In short, a sales rep views their base pay as how they’ll be valued and treated by the company. Their salary is what they rely on to live.
Sales commission is most commonly known as the variable component of a total sales compensation package. While an on-target earning (OTE) is almost always established, the total commission earned is dependent on each salesperson’s individual goals and their performance.
Your commission structure ties a sales rep’s performance to the amount of money he or she will take home each paycheck. It’s no secret that accountability produces results, and a well-structured commission plan is an excellent way to incentivize top performance.
So, while the salary component of a salesperson’s comp package is fixed and pretty easy to understand, the variable portion has a large amount of room for flexibility and configuration depending on the type of sale and sales process a company has in place.
Because there’s no one size fits all, sales compensation plans come in many shapes and sizes, including: salary/hourly + commission, commission-only, tiered commission, residual commission, and variable-rate commission. Of these, the easiest and most commonly used approach is to pay a certain percentage based on the revenue generated from a single sale. Very simply, a sales rep who closes a deal for $500 with a commission rate of 5% earns $25 per sale.
Determining the right commission plan for your business can be an extremely complex task that often overwhelms even the most experienced owners. To help guide you, answer the following questions before reviewing the various commission structures:
1. What are the company’s sales goals and sales budget?
2. How much should you pay and how much should they sell?
3. How long is the average sales cycle for your product or service?
4. Are you offering benefits, bonuses, or incentives of any kind?
5. Is this a fair structure that will motivate each salesperson to work hard?
6. What is the average revenue per sale (ARPS) or average price point?
7. What is the salesperson’s role: lead generator / canvasser or full-cycle?
8. Does the salesperson provide support and training to the customer post-sale?
9. Is it a one-time sale or is there typically repeat business and upsells?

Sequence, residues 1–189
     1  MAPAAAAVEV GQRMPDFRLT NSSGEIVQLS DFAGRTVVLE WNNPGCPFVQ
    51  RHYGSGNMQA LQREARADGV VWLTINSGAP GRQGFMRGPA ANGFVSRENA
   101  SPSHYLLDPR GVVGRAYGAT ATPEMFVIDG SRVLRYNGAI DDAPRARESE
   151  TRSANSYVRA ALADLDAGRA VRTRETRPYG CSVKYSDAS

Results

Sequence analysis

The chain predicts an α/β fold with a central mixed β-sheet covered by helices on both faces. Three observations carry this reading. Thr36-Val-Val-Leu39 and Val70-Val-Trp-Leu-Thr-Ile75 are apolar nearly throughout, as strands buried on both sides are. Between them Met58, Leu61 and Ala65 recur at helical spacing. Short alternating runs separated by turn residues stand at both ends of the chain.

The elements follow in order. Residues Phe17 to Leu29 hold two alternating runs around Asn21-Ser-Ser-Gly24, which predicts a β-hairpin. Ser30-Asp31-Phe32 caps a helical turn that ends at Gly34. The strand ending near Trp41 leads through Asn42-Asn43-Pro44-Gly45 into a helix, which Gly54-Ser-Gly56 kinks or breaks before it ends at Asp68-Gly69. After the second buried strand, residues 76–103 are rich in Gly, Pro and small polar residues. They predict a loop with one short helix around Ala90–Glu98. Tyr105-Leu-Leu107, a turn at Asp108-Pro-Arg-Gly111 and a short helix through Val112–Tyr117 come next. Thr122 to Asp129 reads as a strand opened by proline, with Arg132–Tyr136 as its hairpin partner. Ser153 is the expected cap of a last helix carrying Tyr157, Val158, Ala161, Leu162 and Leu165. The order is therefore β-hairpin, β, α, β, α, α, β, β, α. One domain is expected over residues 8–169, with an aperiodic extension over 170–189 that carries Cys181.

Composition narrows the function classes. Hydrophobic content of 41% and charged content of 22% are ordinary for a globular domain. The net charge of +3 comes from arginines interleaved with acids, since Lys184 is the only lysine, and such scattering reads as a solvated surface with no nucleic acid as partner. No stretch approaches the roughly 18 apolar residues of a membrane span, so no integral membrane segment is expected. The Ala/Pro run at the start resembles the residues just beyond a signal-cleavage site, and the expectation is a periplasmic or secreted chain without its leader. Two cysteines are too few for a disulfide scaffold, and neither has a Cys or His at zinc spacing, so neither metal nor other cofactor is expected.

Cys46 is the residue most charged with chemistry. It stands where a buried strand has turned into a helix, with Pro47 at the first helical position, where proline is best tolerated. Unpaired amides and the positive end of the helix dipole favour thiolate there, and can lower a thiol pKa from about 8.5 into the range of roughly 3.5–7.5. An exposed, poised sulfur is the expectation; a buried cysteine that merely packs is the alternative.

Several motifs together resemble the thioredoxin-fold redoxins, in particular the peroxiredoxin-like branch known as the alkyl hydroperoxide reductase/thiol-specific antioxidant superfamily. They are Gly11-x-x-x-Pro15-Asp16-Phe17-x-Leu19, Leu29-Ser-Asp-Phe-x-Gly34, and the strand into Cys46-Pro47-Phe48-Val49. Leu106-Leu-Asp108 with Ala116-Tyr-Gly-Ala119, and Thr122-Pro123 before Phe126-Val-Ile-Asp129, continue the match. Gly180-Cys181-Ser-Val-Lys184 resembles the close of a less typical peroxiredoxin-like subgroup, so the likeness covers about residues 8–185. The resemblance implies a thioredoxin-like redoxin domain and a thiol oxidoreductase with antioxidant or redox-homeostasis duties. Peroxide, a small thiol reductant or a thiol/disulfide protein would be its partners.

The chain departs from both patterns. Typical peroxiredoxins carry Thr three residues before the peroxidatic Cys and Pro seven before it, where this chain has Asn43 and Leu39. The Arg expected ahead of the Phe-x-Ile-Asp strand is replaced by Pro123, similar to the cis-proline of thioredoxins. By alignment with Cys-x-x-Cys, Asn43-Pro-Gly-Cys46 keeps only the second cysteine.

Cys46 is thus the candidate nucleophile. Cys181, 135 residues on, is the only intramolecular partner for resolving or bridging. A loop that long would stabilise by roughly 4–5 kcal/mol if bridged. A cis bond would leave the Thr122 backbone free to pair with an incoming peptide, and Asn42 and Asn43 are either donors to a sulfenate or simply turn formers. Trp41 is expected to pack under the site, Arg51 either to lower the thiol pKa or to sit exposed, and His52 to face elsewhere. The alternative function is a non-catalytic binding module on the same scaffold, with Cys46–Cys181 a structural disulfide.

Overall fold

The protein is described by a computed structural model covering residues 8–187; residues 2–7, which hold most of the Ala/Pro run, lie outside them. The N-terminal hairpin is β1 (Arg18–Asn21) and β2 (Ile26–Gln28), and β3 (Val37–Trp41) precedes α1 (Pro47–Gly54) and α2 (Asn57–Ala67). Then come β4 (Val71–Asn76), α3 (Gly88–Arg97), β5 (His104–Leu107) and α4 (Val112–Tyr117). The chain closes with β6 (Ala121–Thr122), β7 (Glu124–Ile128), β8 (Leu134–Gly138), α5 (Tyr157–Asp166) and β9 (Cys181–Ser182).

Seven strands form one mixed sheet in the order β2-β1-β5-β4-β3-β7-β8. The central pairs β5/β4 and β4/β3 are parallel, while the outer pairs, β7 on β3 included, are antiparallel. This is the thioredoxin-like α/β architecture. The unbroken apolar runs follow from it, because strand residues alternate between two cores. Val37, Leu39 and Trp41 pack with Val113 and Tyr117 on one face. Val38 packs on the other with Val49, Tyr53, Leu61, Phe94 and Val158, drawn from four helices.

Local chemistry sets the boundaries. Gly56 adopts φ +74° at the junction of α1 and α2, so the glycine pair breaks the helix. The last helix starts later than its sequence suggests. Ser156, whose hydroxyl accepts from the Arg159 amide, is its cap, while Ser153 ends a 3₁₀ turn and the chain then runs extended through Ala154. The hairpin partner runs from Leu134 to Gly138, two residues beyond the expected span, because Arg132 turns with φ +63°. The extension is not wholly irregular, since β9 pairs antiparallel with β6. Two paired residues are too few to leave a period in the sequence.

10. Does the sales rep handle customer service / account management, or do you have a team?
Answering these questions will help you determine SMART sales goals, performance measures, and payout formulas. Doing so will allow you to more accurately judge how much you should be paying your team, and how your commission plan should be structured.
By laying out detailed answers for the questions above, you’re ready to follow this simple 5-step approach that will guide you through the process of creating a fair – but effective – commission structure. A challenging, yet achievable, commission structure serves as motivation and inspiration for salespeople.
Remember that your commission structure extends well beyond just compensating your sales team for their work. Science has proven the best strategies to motivate sales reps. Compensation is an extrinsic motivation, and while it’s not enough on its own to keep salespeople hungry 24/7, a poorly structured commission structure can actually demotivate your foot soldiers.
Prior to laying out your structure, you need to establish detailed figures as it relates to what your company needs to experience a return on sales revenue. There are 4 components involved in this process:
Determine Gross Sales Profit (GSP)
Calculate your Cost of Goods Sold (COGS) Percentage of Sales Revenue (SR)
Calculate your Budgeted Sales Expense Percentage
Analyze your Sales Revenue Goal
Any combination of things can influence your compensation plan during the design phase. While there may be too many to efficiently address each and every one, list and plan for as many as possible. Some of which include:
Local market conditions & what’s being offered for similar positions
Job expectations specific to your roles
Who’s responsible for generating leads – the sales rep or canvasser / lead generator
Amount of post-sale support expected from sales rep
Level of industry knowledge & experience required to be successful
Average sales cycle length & the number of opportunities that can be worked at one time
Basic or complex sales process
Setting the standard for what your salespeople should be paid involves looking at more than just the work they put in. Start by establishing a benchmark for a sales rep who achieves their sales target in your market and industry. If you need help, reach out to people you know in this position or, if you’re part of an association within your industry, use them as a resource; they should be able to provide you with a considerable amount of relevant data.
After you’ve determined what your benchmark will be, then comes the fun part associated with creating a sales commission structure. Now is when you need to set individual goals. This is what each salesperson’s performance will be measured against.
You may be a rock-star, but don’t forget how difficult it is to find top performers. Set your standards based on above-average salespeople so that the target is challenging, but not on the level you expect of top performers.
Crunch the numbers to ensure you’re setting realistic quotas and not making it too easy or too hard. The graphic above shows that only 9% of the sales compensation expense was used out of the 15% allocated. The company now has 6% to use toward incentives, marketing, sales coaching or other resources to help the team reach their goals.